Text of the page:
Bruce Berke with the NFIB New Hampshire said his small business members are relieved they “avoided the worst-case scenario of direct tax increases on their businesses, such as the new 3.8 percent tax on business income. But the direct tax was replaced with what is likely to be an indirect tax, by doubling the size of the Internal Revenue Service, and stressing enforcement actions over compliance assistance and resolving backlogs.

“NFIB is disappointed that the Senate rejected amendments to protect small business owners from increased enforcement actions and made changes that made the bill more problematic for small businesses, including tax and healthcare changes that limit the ability to spread our business losses and increase health insurance costs.”

Small business advocates also say the bill violates President Joe Biden’s pledge not to raise taxes on anyone earning less than $400,000. They point to a report from the Joint Committee on Taxation (JCT), a nonpartisan agency within Congress, saying the bill would raise taxes by about $54 billion next year. More than $16 billion of that total would come from households making less than $200,000 and another $14 billion from households earning between $200,000 and $500,000.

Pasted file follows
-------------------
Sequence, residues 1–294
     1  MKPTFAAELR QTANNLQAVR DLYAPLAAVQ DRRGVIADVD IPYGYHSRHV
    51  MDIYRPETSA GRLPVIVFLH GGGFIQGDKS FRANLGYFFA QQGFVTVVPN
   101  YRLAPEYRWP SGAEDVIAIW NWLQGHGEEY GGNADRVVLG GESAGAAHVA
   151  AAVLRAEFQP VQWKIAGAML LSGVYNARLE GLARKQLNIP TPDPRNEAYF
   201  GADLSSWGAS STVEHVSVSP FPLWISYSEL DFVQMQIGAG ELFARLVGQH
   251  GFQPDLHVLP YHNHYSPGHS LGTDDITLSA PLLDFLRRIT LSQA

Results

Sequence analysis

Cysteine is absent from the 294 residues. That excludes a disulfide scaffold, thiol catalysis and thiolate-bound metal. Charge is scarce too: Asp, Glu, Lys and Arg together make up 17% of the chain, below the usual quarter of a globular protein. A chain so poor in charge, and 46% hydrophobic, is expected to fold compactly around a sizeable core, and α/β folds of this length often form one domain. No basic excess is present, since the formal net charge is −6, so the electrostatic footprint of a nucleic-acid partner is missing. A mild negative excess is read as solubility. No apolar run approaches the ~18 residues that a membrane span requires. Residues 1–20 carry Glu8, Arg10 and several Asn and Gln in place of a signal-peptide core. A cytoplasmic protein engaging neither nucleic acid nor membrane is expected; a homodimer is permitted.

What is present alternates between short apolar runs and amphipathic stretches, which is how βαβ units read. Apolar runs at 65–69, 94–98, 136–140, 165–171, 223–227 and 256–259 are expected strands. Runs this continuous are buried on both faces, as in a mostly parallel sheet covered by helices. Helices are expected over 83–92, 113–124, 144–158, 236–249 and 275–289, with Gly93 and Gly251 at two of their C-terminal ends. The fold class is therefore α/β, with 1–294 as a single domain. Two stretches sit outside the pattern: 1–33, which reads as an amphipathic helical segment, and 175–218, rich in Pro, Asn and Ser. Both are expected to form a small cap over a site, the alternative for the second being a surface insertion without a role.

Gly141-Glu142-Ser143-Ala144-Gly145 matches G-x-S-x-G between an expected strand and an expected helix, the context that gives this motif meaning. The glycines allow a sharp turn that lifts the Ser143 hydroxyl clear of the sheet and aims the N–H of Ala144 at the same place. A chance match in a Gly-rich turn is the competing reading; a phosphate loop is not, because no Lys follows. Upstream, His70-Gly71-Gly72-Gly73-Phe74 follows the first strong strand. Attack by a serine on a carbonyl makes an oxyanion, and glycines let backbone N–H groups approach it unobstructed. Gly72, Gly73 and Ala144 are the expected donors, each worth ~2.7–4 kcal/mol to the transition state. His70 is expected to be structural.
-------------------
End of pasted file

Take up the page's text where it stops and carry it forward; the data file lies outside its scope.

The bill also includes a tax increase on imported oil, costing consumers as much as $25 billion according to some estimates, and additional fees on oil and gas production. It’s an interesting stance for Hassan, who has claimed oil companies are withholding production to drive up prices and is demanding they increase supplies.

“This package falls short in addressing America’s energy needs,” said American Petroleum Institute (API) President and CEO Mike Sommers in a statement. “While we’re encouraged that the bill will likely open the door to more federal onshore and offshore lease sales and will expand and extend tax credits for carbon capture, we remain opposed to policies that raise taxes and discourage investment in U.S. oil and natural gas.”

The Republicans running in the Senate primary for the chance to challenge Hassan also spoke out about her vote.

“Senator Maggie Hassan chose tax increases over New Hampshire families. Groceries prices, gas prices and the cost of living are hurting Granite Staters and make no mistake, Congress just made it worse,” said retired Gen. Don Bolduc. “Democrats and Republicans put us in this situation. I’m against any new spending and will bring back fiscal sanity to the U.S. Senate as a founding member of the Hell No Caucus.”